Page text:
Okmulgee County Begins Assessment Of Flood Damage


Thursday, May 12th 2022, 10:08 pm


OKMULGEE, Oklahoma -

Okmulgee County leaders said the road to recovery after last week's unforgiving floods could take months.

Leroy Bullard said he and his housekeeper didn't know what else to do, so they sat on his porch in Dewar and watched the water rise.

"Nature has its way," said Bullard. It's time to clean up.

"Floods like that just clean the yards out," said Bullard. "I've been picking up the trash and stuff; that whole side of the field was just trash lined up."

Leroy Bullard said he was sleeping when the flood waters reached his home.

"My son came over about 3:30 and he woke me up and he said you're already flooded," said Bullard. "We just sat out here and waited until the water went down."

Bullard watched as the water poured inside his pickup.

"Wasn't scared. More fascinating more than anything," said Bullard. "Just about everybody down here in this flat area suffered some kind of damage. My boy. He lost his wife's car."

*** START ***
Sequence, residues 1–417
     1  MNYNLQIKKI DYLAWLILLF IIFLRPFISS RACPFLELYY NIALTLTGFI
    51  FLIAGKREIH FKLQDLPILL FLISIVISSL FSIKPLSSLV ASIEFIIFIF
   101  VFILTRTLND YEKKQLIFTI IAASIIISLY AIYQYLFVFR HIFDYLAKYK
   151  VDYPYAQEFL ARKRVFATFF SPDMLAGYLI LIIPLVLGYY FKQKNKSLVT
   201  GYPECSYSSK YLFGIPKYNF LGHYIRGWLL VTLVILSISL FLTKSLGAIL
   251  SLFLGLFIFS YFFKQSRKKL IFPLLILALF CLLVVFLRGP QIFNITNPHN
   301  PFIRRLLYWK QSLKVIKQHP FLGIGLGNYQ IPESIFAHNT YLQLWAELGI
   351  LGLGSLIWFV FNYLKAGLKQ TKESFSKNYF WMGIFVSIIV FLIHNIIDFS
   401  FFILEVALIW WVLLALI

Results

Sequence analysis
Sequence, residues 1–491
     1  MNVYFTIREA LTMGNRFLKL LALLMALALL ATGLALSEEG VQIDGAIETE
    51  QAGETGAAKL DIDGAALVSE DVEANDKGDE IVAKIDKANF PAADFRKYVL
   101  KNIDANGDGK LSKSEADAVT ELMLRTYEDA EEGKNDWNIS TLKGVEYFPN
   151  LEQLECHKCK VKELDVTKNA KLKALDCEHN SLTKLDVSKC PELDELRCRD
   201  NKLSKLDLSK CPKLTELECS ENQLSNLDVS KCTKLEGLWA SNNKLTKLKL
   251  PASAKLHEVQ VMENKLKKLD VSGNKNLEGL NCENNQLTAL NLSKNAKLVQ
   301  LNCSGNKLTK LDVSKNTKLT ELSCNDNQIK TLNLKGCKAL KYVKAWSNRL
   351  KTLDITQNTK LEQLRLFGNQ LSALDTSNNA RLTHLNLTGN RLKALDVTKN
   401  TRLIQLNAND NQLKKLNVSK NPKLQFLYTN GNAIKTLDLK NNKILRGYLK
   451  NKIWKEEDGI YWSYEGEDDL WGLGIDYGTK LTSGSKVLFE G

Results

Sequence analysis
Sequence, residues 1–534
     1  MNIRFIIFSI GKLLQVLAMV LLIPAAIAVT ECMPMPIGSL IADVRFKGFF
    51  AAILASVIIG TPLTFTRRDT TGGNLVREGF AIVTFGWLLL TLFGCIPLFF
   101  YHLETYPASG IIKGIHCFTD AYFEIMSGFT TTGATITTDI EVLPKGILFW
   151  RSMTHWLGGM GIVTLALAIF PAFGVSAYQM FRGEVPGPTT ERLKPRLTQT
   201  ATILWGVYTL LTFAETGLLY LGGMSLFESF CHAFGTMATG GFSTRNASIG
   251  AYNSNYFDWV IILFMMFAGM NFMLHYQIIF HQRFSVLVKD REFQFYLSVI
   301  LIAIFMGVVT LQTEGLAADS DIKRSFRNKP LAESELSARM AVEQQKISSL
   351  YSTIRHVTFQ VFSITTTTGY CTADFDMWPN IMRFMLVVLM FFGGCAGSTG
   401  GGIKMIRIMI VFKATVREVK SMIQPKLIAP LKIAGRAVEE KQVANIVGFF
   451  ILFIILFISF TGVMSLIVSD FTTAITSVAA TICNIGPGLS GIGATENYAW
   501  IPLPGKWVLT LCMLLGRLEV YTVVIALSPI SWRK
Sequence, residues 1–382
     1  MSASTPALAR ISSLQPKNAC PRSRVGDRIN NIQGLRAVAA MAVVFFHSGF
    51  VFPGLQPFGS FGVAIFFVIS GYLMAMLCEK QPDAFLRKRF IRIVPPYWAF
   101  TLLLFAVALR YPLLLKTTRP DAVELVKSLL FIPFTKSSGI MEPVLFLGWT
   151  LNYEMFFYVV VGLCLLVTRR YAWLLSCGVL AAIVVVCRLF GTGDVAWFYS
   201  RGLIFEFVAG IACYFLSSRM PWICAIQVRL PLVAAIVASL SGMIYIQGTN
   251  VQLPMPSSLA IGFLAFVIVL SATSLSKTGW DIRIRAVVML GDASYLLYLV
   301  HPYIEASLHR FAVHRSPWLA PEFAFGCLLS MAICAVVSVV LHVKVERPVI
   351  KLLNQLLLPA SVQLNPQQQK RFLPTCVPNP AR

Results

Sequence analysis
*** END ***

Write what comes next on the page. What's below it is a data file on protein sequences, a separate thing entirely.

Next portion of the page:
Okmulgee County Emergency Management completed its initial assessments on 27 flooded homes.

Floodplain assessments begin tomorrow which includes about 16 homes.

"The sun's shining. The wind's blowing. It's evaporating water. The water's going down, in time," said Tim Craighton, Director of Emergency Management for Okmulgee County.

Director Tim Craighton said two or three homes are considered destroyed. "We'll start rebuilding from there," said Craighton.

He wants to remind people that wet dry-wall and other impacted areas in homes need to be cut out to prevent mold.

The county began assessing roads today and crunching numbers to give to the Governor.

Craighton said they have about half a million dollars in damage so far and that's having assessed a little over a third of what they need to.

"Everything from the surface of the road being washed off where you're down to the rock bed to bridges and culverts being gone," said Craighton. "That's a lot of grader time. That's a lot of hauling gravel."

Several roads are still closed, and the county is working to temporarily re-open some this week.

Leroy said if he's learned anything in his 75 years... "Life goes on," said Bullard.

Craighton said Okmulgee County has disaster relief groups scheduled to come help this weekend and early next week.

He said a multi-agency recovery shop will be set up Saturday at Hilldale High School in Muskogee from 11 a.m. to 6 p.m.

Related Story: Okmulgee Residents Dealing With Severe Flooding